by Julia Getzelman, MD

If you’ve been to the store or looked online lately, you may have noticed that the virtual and real life shelves that used to be full of hand sanitizing products are bare. As one local store clerk remarked to me, “Panic buying is great for our business, but it’s terrible for the world.” So true. The person with a big stash of hand sanitizer might feel “prepared” for the COVID-19 pandemic after overbuying, but while that product just sits around in their cabinet, it’s not helping anyone.

The detrimental impact of COVID-19 “panic buying” has become obvious in the global mask shortage and related price-gouging. As we explained in our previous post, if you’re a member of the general public in the United States who doesn’t have a cough and is not treating infected patients, you shouldn’t bother wearing a mask for your day to day activities at this point. This advice has been consistently reflected in other thoughtful, responsible articles and reports. But Americans are apparently still buying masks in an attempt to soothe their psyches. As a result of the public’s hoarding, the individuals who need the masks, like health workers who are treating patients, may not be able to get them as easily (or at all).

A similar problem is happening now with hand sanitizer. For people who generally have easy access to soap and water throughout the day, hand sanitizer is nice to have, but not a necessity. Thorough hand washing for 20 seconds with plain old soap and water is one of the best ways to clean your hands and stop the spread of germs, including the COVID-19 virus. But if you don’t have easy access to a sink, hand sanitizer will be more important for you day-to-day. What can you do if you run out of hand sanitizer while this shortage persists?

First, consider if you can change how you go through your day, relying more on hand washing and less on hand sanitizer. This shift may help you stay healthier in the long run.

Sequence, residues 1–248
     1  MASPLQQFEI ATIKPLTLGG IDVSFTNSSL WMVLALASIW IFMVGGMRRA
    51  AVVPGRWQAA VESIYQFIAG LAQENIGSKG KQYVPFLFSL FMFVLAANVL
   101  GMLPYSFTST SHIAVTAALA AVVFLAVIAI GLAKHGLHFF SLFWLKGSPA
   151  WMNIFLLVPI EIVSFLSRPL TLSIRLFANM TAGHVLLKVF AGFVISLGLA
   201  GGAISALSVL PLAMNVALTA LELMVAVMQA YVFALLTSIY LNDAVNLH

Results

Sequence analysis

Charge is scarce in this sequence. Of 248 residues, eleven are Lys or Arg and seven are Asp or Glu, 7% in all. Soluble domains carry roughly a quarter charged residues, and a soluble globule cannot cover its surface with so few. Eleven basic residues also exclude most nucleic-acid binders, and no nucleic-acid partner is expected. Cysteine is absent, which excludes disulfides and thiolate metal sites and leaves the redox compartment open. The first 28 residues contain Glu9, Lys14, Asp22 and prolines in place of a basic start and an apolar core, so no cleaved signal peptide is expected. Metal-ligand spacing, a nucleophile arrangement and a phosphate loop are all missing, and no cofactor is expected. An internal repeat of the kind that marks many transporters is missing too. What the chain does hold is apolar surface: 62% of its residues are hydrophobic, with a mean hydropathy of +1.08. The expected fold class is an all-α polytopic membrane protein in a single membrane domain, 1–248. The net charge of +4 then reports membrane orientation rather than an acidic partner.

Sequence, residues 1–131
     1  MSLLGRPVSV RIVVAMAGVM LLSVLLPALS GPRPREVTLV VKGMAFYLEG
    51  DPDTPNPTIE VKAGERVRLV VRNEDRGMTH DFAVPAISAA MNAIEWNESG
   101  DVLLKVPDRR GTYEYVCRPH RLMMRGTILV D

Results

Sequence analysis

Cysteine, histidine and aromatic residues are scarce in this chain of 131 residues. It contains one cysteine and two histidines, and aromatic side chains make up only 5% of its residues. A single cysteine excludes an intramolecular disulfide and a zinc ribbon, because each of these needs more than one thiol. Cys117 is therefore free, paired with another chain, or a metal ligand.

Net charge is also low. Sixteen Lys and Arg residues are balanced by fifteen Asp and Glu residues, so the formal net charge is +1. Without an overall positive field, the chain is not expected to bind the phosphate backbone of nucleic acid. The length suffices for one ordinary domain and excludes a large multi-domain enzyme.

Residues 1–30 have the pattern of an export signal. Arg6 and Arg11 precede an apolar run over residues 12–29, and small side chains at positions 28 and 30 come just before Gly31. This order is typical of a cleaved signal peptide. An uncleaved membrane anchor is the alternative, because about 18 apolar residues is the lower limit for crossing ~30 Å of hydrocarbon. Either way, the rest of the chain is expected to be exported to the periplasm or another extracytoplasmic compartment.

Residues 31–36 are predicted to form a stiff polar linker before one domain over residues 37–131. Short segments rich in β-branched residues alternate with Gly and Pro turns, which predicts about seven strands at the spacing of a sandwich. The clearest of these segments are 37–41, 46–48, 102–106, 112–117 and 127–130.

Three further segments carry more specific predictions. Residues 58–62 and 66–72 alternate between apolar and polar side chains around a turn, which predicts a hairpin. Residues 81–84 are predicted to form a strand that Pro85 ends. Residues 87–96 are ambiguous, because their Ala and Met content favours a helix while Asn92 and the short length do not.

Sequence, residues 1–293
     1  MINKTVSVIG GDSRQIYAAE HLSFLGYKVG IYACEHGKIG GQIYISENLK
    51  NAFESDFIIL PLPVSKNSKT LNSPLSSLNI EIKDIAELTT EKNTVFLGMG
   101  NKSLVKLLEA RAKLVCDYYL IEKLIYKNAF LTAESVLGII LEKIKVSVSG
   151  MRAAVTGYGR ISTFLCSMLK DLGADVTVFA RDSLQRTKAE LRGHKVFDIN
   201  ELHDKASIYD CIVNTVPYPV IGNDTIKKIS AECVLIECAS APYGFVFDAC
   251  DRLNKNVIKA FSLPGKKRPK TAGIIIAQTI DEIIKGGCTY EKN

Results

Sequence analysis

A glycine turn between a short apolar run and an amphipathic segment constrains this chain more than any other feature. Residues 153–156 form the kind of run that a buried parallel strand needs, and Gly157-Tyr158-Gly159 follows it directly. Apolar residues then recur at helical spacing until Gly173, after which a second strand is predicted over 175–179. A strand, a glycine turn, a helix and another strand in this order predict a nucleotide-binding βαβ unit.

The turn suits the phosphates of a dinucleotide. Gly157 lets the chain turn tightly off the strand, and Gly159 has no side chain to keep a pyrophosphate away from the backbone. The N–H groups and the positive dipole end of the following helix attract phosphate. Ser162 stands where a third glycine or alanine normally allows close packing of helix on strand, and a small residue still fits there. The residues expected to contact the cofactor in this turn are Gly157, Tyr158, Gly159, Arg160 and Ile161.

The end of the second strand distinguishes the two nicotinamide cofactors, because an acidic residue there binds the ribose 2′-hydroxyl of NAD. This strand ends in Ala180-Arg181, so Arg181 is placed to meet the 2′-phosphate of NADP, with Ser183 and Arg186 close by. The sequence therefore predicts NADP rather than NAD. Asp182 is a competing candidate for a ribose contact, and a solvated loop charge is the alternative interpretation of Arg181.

Second, you can make your own hand sanitizer. We’ve gotten so used to relying on pre-packaged products that it’s easy to forget that we can make a lot of these things ourselves out of simple ingredients we probably already have around the house.

It’s generally accepted that alcohol-based hand sanitizers (ABHS) are more effective than their alcohol-free counterparts. ABHS dissolve the outer coating, or envelope, of many (but not all) viruses and bacteria, which kills them. Alcohol solutions containing 60% to 95% alcohol are most effective. While a large number of the DIY hand sanitizer recipes available for free online DO NOT include an adequate percentage of alcohol to be effective, the recipe we’ve provided below does. Just as there’s a right way to wash your hands, there’s also a right way to apply hand sanitizer. One must apply the product to the palm and rub the product all over the surfaces of both hands until they are dry. But ABHS won’t work well if hands are greasy or dirty, so if you’ve been working in the garden or playing sports, you’ll have to find some soap and water to clean your hands. Remember to keep ABHS out of the reach of children (unless you’re helping them apply it to their hands) because if they drink it, they can get alcohol poisoning.

GetzWell’s Simple & Effective Hand Sanitizer Recipe

Ingredients:

  • 3/4 cup 91% (or higher percentage) rubbing alcohol (isopropyl alcohol or ethanol)
  • 8-10 drops essential oil—this ingredient is optional, but smells great. Try lavender, vanilla, or peppermint oil. Avoid citrus oils because they can increase sun sensitivity for some people.
  • For a sanitizer you can pump or squeeze out of a bottle, add: 1/4 cup aloe vera gel
  • For a sanitizer you can spray, skip the aloe vera gel and add: 1/4 cup vegetable glycerin, witch hazel, or water.

Tools:

  • Bowl and spoon
  • Funnel
  • Recycled liquid soap or hand sanitizer bottle(s)

Mix all the ingredients in the bowl. Using the funnel, transfer the mixture to your container(s). Keep the container(s) closed to avoid evaporation.

Finally, remember that preparedness isn’t the same as “panic buying.” Those photos on social media of empty shelves at Costco or Trader Joe’s? They are not a sign that you’re missing out on something.

Any questions? Please reach out and let us know how we can help.